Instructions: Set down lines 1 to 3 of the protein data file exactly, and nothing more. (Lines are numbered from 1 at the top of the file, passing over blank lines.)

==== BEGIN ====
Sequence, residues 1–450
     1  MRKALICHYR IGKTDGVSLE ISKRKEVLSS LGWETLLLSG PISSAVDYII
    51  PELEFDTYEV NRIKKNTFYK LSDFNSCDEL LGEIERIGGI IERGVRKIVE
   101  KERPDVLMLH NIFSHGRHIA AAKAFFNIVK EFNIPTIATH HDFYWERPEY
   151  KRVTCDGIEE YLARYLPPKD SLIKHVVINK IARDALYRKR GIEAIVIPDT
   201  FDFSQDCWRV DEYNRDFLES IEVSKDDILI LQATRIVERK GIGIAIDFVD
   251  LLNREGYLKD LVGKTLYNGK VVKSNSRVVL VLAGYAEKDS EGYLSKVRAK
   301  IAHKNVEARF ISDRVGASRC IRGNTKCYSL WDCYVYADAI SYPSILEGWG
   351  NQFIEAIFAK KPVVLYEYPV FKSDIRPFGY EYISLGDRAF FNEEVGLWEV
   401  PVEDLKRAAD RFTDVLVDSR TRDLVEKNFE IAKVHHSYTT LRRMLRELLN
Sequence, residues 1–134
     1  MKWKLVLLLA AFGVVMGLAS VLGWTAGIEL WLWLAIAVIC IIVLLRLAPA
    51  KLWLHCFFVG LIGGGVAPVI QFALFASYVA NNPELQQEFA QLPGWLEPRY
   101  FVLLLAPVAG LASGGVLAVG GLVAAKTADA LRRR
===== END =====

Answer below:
Sequence, residues 1–450
     1  MRKALICHYR IGKTDGVSLE ISKRKEVLSS LGWETLLLSG PISSAVDYII
    51  PELEFDTYEV NRIKKNTFYK LSDFNSCDEL LGEIERIGGI IERGVRKIVE